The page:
CLÉMENCE CHOUTEAU interviews s burnette

How would you describe your artistic style?

Versace + Arby’s. Tammy Faye Messner + Honey Boo Boo + the Virgin Mary. Key West + Manhattan + the Research Triangle + Hell.

Who / what inspires you to create?

In terms of who, definitely my partner and my family/friends and other writers/artists I admire. But in terms of what, it could be anything. I have vivid dreams/nightmares, and I sometimes use art as a way to try to make sense of them. It feels like putting together a puzzle in a way, but you have to find/make the pieces yourself.

I’m particularly interested in exaggeration and excess, and I’m often inspired by advertisements, disgusting displays of wealth, and/or garbage. Living in a gross city like Boston, I feel like art is always around me, even it if it’s not necessarily intended to be art. An empty Dunkin’ Donuts cup trailing latte dregs as it rolls around on the floor of the 22 bus is more moving/disturbing to me than many of the pieces you have to pay $25 to see at the MFA. It will be here longer than any of us or most of the art we make.

Can you tell me about your creative process?

It kind of depends on what I’m creating. With any art/writing it usually starts with an unshakeable impulse, almost like the urge to take your sweater off when it’s too hot or a sudden feeling of having to puke.

With collage specifically, I begin by sifting through my hoard of images that I’ve already cut out but that haven’t made it into something yet or by flipping through magazines I found and ripping out things I want. Either like I want the thing advertised or I’m just drawn to something for aesthetic purposes. After I get sick of cutting things out, I sort them into piles based on categories that I make up. Could be based on a theme or texture or color or whatever. I spend a lot of time doing this, but I usually end up only using a small portion of the piles. Then I start arranging them on paper without gluing and basically move things around until it looks “right” to me.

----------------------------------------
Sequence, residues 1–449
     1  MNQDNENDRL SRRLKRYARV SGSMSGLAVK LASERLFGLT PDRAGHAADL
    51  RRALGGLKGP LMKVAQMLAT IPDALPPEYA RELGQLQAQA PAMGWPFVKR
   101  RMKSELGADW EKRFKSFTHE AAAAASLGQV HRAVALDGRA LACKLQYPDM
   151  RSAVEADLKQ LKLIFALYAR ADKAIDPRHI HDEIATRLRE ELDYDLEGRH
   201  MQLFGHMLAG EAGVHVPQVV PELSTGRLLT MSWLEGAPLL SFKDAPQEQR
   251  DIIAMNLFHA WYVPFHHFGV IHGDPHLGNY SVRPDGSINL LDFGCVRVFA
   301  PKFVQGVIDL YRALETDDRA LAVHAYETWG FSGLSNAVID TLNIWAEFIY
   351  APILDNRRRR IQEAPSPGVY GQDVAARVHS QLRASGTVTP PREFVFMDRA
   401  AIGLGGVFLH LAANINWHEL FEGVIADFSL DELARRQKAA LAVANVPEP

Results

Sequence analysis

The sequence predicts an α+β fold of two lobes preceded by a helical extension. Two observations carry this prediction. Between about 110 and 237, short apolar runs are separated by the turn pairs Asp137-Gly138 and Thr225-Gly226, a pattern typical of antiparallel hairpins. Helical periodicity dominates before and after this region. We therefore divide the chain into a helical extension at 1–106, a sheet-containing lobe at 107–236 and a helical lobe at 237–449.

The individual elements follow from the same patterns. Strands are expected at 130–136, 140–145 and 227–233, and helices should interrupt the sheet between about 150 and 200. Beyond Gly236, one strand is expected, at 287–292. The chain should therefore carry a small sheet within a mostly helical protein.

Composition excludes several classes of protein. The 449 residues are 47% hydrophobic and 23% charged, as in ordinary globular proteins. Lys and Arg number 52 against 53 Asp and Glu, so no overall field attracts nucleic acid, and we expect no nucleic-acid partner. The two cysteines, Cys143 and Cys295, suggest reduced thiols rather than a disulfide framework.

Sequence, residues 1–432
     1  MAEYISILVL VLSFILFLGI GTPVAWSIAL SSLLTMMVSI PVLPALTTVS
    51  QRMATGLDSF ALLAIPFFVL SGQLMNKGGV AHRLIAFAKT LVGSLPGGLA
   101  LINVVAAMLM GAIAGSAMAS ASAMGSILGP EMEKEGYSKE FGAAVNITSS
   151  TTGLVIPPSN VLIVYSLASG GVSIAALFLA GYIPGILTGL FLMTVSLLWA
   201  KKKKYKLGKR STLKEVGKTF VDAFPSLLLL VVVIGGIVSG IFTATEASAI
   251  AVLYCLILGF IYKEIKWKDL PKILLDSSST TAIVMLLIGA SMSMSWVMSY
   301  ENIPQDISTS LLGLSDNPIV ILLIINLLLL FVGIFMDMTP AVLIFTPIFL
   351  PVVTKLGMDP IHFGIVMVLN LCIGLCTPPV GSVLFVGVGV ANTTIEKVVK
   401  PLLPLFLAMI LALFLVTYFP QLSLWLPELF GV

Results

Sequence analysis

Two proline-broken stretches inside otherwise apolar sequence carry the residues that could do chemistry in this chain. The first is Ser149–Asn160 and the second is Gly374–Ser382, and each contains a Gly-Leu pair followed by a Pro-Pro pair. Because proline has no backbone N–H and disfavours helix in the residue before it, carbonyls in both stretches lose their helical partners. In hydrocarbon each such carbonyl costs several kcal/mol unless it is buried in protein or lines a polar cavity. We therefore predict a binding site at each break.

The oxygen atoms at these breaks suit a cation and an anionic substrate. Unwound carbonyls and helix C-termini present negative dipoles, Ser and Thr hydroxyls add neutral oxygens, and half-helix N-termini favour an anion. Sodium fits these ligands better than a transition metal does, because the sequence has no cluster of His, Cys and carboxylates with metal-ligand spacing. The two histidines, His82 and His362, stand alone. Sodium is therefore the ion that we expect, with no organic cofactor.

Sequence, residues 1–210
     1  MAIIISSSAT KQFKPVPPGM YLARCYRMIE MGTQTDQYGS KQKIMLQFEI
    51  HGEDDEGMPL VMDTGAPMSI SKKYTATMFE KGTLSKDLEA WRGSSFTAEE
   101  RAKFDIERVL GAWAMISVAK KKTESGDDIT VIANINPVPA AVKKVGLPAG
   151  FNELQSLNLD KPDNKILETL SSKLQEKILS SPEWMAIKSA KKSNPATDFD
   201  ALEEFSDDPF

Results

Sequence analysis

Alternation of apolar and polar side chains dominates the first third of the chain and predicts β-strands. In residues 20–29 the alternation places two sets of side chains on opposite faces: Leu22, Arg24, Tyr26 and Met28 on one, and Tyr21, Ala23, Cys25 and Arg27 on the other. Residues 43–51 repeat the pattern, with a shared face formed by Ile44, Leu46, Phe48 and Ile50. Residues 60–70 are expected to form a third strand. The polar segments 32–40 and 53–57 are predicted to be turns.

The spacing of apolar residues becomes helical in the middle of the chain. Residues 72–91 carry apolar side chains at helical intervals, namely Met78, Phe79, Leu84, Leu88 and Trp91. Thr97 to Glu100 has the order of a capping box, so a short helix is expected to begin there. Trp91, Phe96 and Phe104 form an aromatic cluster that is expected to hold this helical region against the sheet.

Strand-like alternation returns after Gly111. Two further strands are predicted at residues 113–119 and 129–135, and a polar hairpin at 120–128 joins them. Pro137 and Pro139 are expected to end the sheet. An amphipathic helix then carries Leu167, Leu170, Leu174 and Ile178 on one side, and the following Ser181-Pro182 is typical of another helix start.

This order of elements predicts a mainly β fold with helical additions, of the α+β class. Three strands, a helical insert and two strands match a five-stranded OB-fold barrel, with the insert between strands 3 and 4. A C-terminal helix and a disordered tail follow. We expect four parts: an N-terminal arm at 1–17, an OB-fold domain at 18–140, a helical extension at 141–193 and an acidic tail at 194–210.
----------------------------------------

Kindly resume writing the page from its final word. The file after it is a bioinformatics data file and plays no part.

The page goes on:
You are both a writer and a visual artists. How do you both of these disciplines influence each other in your creative practice?

This is something I’m still figuring out. For much of my life, I considered these disciplines to be separate, so I am only recently starting to kind of combine them. But I think I definitely approach art from a writer’s perspective; I interpret every image as “telling a story” even if it might seem more abstract to someone else. I am also very attuned to the way my writing looks on the page. If I’m working on something that’s a combo of writing and art, I typically do the writing first.

You define some of your creations as “visual poetry.” What does that mean to you?

I think of it as something that incorporates both text and image(s) that engage/depend on/influence each other in some way.

You’ve written several pieces about gender, sexuality, and transidentity. How do these matters influence your visual art?

In a world where I sometimes have to hide parts of myself to be safe or taken seriously, art for me is a chance to take up space and do whatever I want without the threat of something uncomfortable/bad happening to me. I feel like I at least temporarily have some sort of control/agency in the mini-world of each piece, when I often feel controlled/silenced in the actual world because of things like my gender/sexuality/etc.

How do you think art can change our perception of gender and sexuality?

It can show people that bodies don’t always look/don’t have to look a certain way or act/interact in expected ways. That there are possibilities of expression and ways of seeing/being outside of what is curated and celebrated by crusty old cis white men.

What is a question you wish I had asked you?

What does it feel like to respond to these questions?

It was hard! Talking about myself/my work so directly without self-deprecating or deflecting things with humor is something I don’t do frequently. But I appreciated the chance to practice!

s burnette is a writer/artist from North Carolina living in Boston. their art/visual poetry has been published or is forthcoming in petrichorHoney & Lime Lit.,Riggwelter, and Bible Belt Queers. Find more work at sallyburnette.com

Vagabond City Literary Journal

Founded in 2013, we are a literary journal dedicated to publishing outsider literature. We publish art, poetry, and creative nonfiction from marginalized creators.